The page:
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Announcement: August 30, 2016 at 3:30 pm

Record-breaking Galaxy Cluster Discovered

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A new record for the most distant galaxy cluster has been set using NASA’s Chandra X-ray Observatory and other telescopes, including the Atacama Large Millimeter/submillimeter Array (ALMA) and the National Science Foundation’s Karl G. Jansky’s Very Large Array. This galaxy cluster may have been caught right after birth, a brief, but important stage of evolution never seen before.

The galaxy cluster is called CL J1001+0220 (CL J1001 for short) and is located about 11.1 billion light years from Earth. The discovery of this object pushes back the formation time of galaxy clusters – the largest structures in the Universe held together by gravity – by about 700 million years.

The complete news release is here.

Images & Videos
This image contains the most distant galaxy cluster. The remote galaxy cluster was found in data from the COSMOS survey, a project that observes the same patch of sky in many different kinds of light ranging from radio waves to X-rays. This composite shows CL J1001+0220 (CL J1001, for short) in X-rays from Chandra (purple), infrared data from ESO’s UltraVISTA telescope (red, green, and blue), and radio waves from the Atacama Large Millimeter/submillimeter Array (ALMA) (green). The diffuse X-ray emission comes from a large amount of hot gas, one of the defining elements of a galaxy cluster.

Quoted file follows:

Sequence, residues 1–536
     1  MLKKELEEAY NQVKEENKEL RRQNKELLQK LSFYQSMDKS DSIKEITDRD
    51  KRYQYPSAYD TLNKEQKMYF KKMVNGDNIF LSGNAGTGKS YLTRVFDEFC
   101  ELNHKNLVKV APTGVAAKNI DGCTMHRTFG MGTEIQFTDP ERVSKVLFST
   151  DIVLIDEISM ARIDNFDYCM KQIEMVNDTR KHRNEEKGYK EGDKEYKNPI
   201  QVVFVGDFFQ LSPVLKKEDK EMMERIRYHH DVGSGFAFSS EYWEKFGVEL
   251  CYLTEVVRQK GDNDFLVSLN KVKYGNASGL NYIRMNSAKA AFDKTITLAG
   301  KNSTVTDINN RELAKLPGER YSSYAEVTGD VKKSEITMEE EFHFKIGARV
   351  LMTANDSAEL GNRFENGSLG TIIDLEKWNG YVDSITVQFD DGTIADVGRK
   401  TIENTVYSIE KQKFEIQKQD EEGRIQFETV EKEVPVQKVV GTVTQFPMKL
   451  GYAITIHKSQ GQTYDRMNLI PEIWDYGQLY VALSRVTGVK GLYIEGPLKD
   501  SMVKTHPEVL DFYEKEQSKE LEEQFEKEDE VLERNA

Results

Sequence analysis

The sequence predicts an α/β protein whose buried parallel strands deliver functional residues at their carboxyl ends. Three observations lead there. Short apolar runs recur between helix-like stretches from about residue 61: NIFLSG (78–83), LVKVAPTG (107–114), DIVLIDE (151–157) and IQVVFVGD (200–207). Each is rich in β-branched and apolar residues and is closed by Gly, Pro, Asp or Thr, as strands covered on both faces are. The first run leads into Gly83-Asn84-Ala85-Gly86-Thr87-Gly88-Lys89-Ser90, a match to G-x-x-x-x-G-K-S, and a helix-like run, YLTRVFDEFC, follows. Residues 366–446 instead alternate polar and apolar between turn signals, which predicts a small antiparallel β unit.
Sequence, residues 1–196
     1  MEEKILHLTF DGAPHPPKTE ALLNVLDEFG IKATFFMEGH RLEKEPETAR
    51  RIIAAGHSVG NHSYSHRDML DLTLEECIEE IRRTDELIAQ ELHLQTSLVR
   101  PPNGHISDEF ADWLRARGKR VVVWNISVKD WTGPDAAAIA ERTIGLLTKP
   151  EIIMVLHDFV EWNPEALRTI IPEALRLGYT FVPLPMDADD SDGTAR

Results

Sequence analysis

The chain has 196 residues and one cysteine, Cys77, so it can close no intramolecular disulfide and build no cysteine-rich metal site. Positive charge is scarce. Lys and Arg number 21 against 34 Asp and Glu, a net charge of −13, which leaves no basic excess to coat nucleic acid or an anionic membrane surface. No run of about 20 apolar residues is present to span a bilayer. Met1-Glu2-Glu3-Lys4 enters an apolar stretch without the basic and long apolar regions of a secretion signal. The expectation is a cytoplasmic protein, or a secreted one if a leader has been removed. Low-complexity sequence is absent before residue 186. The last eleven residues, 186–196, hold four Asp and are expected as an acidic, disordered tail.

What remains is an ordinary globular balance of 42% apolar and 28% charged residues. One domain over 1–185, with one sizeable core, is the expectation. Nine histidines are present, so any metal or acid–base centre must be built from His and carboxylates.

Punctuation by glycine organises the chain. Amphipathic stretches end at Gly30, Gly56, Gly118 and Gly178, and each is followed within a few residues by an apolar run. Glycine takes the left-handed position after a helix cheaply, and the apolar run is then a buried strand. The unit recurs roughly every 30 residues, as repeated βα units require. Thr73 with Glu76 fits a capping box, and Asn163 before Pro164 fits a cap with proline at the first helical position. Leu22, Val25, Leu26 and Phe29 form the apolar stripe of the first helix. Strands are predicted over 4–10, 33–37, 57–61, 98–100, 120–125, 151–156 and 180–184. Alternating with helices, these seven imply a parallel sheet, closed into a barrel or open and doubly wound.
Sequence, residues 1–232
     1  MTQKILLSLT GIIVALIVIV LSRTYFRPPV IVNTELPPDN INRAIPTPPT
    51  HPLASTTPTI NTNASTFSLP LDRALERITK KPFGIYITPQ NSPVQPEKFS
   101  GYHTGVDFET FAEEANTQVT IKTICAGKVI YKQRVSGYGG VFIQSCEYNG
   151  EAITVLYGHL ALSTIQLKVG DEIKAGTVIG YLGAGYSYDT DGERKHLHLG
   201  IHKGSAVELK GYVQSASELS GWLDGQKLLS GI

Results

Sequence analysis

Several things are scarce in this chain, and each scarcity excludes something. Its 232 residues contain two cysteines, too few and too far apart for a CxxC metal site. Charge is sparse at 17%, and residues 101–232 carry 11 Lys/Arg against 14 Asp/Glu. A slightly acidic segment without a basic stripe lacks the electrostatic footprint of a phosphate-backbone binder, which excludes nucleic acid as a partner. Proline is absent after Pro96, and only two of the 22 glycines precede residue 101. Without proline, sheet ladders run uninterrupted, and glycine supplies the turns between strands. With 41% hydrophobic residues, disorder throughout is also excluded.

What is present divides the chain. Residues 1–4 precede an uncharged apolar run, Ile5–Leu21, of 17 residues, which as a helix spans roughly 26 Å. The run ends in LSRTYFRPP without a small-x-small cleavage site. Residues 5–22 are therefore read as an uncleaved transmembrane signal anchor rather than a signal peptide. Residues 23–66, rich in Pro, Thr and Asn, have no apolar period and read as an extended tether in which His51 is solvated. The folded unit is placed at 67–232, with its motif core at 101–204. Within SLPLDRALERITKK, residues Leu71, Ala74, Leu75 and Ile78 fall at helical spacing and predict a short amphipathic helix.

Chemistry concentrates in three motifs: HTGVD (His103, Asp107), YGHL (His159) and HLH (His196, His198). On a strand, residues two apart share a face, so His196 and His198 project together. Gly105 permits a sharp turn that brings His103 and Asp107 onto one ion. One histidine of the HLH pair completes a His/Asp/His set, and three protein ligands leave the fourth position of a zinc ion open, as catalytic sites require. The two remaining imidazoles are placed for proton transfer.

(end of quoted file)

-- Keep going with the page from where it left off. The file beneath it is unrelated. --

Credit: X-ray: NASA/CXC/CEA/T. Wang et al; Infrared: ESO/UltraVISTA; Radio: ESO/NAOJ/NRAO/ALMA

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